Volcanoes are perhaps the supreme example of Nature’s power and I’m not alone in being utterly fascinated by them.  Mount Etna is one of the most recognisable and most famous active volcanoes on the planet and it’s one that I’ve wanted to visit for as long as I can remember. Unfortunately, a lot of other people feel this way too and Etna’s easy accessibility means that enjoying it away from the crowds is a pretty hard trick to pull off.  

Etna dominates the island of Sicily, its ash is the reason the island’s grapes are so good; it’s the legendary home of the Cyclops and it erupts regularly.  These regular eruptions actually make it a comparatively safe volcano to visit, there’s no build up and consequently no big explosions although when Etna does go off, as it did in May 2016, it’s a pretty spectacular firework display.  I was anxious that it might kick off while I was there and I wouldn’t be able to hike but when it didn’t, I was also a little disappointed.

Hiking Etna Experience

As I’ve said, Etna is a very popular tourist destination and for me, if people – however amazing the experience – surround me it’s not quite the same.  I chose to do the hike in September, which is a shoulder season but which is still disappointingly busy.  

You can visit all year round, so in retrospect I wish I’d chosen the snowy winter months when it’s still possible to enjoy a solitary experience.  I was staying in the nearby stunning hilltop town of Taormina, where you can enjoy Roman ruins and stay in traditional hilltop houses.  

There’s no direct bus service from Taormina to Rifugio Sapienza, which is the starting point for cable cars and hiking on the south side of the volcano, so I hired a car.  And here’s a lesson in why it pays to do your homework. I planned to get to Rifugio Sapienza by eight thirty, ahead of the crowds; what I hadn’t reckoned on was the thousand hairpin bends, which makes the drive take so much longer than seems possible.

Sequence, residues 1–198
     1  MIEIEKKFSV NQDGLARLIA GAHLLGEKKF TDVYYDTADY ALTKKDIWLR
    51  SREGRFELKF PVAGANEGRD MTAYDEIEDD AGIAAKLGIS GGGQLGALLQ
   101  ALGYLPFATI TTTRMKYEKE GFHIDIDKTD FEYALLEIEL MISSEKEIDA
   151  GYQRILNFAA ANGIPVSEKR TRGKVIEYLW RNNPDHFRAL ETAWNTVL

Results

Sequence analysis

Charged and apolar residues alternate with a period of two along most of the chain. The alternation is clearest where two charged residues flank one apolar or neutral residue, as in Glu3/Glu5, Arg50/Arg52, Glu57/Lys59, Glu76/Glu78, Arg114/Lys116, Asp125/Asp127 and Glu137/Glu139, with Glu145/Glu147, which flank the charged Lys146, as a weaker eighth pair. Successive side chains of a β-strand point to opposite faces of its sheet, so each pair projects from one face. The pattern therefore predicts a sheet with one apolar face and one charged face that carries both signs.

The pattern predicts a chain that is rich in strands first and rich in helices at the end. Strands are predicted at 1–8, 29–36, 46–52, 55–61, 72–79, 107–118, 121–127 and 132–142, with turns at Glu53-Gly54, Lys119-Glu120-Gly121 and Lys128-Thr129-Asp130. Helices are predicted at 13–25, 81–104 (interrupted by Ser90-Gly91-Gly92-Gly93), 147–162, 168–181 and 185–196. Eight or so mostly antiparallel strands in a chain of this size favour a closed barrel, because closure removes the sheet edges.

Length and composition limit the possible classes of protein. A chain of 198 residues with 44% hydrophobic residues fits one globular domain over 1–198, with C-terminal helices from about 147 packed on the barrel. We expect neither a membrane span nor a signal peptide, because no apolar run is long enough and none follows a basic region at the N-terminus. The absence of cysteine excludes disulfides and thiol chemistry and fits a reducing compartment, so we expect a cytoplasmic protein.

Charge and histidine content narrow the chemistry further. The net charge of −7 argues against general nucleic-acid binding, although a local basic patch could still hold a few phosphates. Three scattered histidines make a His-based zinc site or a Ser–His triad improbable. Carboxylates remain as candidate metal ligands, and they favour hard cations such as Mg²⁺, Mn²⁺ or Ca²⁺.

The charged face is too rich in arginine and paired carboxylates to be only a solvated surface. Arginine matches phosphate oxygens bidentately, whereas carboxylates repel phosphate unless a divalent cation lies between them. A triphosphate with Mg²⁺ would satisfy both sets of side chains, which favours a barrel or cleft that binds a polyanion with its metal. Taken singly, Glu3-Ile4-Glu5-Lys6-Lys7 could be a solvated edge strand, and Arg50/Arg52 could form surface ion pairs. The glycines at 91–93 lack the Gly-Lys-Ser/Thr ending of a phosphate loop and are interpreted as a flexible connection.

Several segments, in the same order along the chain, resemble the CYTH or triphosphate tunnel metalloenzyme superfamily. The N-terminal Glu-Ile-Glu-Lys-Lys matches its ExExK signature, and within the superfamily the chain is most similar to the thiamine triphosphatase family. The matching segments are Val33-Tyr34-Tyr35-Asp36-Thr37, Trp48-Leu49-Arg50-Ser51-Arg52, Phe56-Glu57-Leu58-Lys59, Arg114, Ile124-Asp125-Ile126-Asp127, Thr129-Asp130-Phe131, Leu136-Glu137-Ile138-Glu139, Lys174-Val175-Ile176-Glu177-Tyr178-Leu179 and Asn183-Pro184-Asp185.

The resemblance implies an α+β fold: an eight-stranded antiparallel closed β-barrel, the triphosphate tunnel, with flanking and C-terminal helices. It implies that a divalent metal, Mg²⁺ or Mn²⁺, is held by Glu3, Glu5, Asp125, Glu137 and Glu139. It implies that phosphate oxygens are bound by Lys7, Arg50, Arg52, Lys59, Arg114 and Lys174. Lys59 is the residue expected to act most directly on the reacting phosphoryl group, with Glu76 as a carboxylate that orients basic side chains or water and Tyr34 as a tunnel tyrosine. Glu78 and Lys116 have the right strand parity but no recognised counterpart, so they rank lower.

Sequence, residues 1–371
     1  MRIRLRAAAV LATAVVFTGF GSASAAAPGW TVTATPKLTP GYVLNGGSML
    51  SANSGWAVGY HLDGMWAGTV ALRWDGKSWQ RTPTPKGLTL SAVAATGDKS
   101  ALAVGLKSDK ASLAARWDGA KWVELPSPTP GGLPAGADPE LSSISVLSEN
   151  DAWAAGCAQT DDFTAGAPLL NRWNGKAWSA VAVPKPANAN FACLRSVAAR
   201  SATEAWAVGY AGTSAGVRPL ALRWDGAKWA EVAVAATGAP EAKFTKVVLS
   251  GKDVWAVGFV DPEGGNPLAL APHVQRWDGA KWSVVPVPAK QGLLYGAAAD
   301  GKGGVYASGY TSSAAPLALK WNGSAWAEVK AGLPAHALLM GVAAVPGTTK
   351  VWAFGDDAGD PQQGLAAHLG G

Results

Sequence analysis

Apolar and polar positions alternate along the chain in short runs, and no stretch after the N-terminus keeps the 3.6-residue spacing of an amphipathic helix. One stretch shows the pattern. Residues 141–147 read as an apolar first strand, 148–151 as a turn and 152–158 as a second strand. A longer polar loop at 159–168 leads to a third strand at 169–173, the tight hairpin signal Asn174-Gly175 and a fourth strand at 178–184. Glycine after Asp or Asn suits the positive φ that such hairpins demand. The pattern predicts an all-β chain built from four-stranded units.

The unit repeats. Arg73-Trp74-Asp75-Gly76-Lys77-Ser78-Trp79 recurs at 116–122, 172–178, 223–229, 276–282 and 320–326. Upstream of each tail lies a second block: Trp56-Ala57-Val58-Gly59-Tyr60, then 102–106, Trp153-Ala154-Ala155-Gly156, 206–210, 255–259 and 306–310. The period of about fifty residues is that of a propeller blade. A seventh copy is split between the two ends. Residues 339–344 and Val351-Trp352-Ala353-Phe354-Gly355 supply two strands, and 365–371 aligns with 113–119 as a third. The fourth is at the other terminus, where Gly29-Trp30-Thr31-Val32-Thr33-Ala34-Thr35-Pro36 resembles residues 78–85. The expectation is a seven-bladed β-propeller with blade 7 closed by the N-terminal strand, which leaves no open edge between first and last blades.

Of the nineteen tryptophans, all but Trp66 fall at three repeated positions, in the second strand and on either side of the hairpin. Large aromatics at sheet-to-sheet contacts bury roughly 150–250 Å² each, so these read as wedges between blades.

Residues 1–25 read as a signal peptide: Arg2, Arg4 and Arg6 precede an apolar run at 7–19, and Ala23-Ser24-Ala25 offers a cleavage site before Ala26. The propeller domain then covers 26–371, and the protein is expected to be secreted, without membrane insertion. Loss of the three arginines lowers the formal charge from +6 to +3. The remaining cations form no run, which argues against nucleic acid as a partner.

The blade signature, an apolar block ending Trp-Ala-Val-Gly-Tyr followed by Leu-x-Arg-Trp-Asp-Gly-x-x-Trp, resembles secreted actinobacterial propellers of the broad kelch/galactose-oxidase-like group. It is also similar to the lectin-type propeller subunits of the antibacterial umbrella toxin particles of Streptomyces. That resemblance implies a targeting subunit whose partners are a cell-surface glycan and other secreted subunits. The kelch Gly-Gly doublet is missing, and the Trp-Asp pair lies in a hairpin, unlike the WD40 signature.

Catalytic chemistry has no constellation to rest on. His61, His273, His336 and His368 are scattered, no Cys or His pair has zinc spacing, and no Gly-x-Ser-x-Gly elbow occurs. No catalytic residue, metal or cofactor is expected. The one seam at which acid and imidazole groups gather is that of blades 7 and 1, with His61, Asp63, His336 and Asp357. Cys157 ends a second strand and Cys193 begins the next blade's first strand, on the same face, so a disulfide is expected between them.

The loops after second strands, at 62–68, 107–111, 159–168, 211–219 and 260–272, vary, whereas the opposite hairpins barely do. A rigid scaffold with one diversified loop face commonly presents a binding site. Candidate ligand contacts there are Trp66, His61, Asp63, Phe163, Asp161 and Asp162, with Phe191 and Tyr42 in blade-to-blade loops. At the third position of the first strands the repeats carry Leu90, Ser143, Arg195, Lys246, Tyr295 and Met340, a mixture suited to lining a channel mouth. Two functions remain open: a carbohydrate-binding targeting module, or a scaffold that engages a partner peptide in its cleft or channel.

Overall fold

So, by the time I got there, so had everybody else.  I had planned to hike the whole way but I figured even more people might arrive at the summit before me so I took the cable car (30 Euro) to the top station at 2504m.  

At this point you can take a bus but I hadn’t come for a bus ride so I hiked the two-hour stretch to Mount Supino Frumento at 3000m and that was as far as I could go.  To reach the summit at 3300m you need a guide but because of previous volcanic activity, no one was going any higher that day.  

Was it worth it?  Of course it was.  Despite the tacky tourist shops and queues, nothing can really detract from the grandeur of the lunar landscape, the smell of sulphur and the views that stretch away to ash fields, vineyards and rolling hills.


Tips for Visiting

  • If you are just visiting Sicily for the Etna experience, then fly to Catania from where you can get public transport to the volcano.
  • Whatever time of year, it’s cold at the top so wear layers and be aware that if it’s windy the gritty ash can be very unpleasant, so bring something to cover your face and wear sunglasses.
  • Unless you are going for a winter hike it’s impossible to avoid the crowds so opting for an organised tour to suit your needs might be the best way to minimise waiting around.